OBJECTIVE: Fatigue and reduced exercise capacity are common concomitants of coronary artery disease (CAD). They are known to be associated with the deterioration in mental health, including emotional and cognitive status. However, the precise nature of the inter-relationship is poorly understood. The aim of this study was to investigate the relationship between fatigue and exercise capacity on the one hand and changes in cognitive functioning on the other, to generate new heuristics for clinical management and outcome prediction of CAD.
METHODS: A cross-sectional study included 827 in-patients (58 ± 9 years, 75% men) with CAD. Patients were evaluated for demographic, cardiac characteristics, and exercise capacity. The Multidimensional Fatigue Inventory-20 was used to assess fatigue, the Mini Mental State Examination for global cognitive function, the Digit Span Test, Digit Symbol Test, and Trail Making Test for executive aspects of cognitive functioning, and the Hospital Anxiety and Depression Scale for anxiety and depression symptom severity.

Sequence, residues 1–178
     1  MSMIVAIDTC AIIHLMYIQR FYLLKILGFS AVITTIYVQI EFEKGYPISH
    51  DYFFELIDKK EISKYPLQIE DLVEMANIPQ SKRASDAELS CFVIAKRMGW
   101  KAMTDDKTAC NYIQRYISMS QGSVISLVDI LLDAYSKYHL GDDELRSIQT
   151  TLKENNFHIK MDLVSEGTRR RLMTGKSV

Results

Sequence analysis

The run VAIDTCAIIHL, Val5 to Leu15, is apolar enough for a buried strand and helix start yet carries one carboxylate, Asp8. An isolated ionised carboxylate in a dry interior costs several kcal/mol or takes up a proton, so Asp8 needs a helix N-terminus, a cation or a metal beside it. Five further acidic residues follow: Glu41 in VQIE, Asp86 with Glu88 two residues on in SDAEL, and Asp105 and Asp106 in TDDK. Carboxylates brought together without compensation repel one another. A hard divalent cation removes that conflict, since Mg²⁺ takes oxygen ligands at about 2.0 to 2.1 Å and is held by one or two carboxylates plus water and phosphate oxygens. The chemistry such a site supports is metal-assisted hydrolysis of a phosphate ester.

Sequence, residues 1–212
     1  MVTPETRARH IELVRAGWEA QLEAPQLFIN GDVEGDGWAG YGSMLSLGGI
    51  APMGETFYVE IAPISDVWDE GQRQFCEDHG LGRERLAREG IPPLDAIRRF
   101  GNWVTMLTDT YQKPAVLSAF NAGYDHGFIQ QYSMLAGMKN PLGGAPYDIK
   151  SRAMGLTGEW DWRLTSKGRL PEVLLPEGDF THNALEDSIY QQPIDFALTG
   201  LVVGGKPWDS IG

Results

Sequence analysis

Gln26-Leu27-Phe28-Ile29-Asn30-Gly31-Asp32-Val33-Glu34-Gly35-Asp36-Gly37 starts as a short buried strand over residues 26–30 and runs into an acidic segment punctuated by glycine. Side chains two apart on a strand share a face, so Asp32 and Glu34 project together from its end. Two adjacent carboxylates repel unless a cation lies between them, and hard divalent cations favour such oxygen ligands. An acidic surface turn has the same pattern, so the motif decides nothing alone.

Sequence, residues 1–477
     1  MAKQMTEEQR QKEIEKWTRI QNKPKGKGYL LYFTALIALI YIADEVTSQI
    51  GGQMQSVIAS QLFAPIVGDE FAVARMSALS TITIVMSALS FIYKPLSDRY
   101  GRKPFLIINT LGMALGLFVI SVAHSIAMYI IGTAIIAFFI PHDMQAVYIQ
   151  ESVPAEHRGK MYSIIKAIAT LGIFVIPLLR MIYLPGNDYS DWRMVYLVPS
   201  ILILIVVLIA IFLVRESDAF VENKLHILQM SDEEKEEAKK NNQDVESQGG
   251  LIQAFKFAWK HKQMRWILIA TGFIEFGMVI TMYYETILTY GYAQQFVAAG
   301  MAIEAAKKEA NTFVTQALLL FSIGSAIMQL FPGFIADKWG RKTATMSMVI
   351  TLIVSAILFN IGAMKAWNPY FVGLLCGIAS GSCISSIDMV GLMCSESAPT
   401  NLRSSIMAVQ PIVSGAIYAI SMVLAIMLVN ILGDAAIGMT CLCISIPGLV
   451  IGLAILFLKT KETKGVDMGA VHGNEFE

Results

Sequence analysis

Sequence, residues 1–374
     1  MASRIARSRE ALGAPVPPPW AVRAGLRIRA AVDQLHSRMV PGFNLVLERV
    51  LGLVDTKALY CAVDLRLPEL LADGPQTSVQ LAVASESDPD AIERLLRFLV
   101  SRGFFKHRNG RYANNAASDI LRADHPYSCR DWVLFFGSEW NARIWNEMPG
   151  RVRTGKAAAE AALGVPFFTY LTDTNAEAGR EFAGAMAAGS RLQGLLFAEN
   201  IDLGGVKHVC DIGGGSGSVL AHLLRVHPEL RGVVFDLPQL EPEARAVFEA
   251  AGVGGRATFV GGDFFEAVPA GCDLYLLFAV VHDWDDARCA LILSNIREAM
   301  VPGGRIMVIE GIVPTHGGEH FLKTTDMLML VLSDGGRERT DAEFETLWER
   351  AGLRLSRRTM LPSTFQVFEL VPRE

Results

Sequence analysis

RESULTS: Using multiple regression analysis, after adjusting for possible confounders such as anxiety and depression, mental fatigue was associated with several executive aspects of cognitive function including short-term memory (Digit Symbol Test pairs recalled correctly [β = -0.127, p < 0.005]), psychomotor performance (time to complete the Digit Symbol Test [β = 0.089, p < 0.03]), and cognitive processing speed (Trail Making Test A [β = 0.081, p < 0.05]).
CONCLUSION: In rehabilitating CAD patients, certain aspects of executive functioning were independently associated with mental fatigue. These findings suggest that the subjective experience of mental fatigue, rather than reduced exercise capacity, is significantly associated with cognitive function.